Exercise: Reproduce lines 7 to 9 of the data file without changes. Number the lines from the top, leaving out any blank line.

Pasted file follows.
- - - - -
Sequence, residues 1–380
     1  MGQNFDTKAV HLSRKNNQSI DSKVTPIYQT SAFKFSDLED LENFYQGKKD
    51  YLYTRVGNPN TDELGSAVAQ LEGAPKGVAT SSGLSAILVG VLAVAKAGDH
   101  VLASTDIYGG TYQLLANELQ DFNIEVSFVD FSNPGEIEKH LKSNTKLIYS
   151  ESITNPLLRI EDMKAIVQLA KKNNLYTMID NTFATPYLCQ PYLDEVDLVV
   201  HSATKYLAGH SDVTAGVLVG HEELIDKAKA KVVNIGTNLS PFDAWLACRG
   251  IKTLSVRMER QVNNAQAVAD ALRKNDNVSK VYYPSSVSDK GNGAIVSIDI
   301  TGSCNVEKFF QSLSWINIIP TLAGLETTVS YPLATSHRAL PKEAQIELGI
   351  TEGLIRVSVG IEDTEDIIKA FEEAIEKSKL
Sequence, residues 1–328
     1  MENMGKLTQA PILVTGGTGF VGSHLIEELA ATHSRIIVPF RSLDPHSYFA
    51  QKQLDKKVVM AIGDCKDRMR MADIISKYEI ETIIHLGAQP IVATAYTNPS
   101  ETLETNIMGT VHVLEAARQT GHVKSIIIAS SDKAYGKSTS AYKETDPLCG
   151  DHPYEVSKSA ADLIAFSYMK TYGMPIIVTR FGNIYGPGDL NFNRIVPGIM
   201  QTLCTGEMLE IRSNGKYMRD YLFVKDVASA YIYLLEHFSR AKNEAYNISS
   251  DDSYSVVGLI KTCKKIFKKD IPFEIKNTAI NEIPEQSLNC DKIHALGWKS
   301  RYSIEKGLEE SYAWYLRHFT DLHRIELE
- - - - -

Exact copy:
   251  IKTLSVRMER QVNNAQAVAD ALRKNDNVSK VYYPSSVSDK GNGAIVSIDI
   301  TGSCNVEKFF QSLSWINIIP TLAGLETTVS YPLATSHRAL PKEAQIELGI
   351  TEGLIRVSVG IEDTEDIIKA FEEAIEKSKL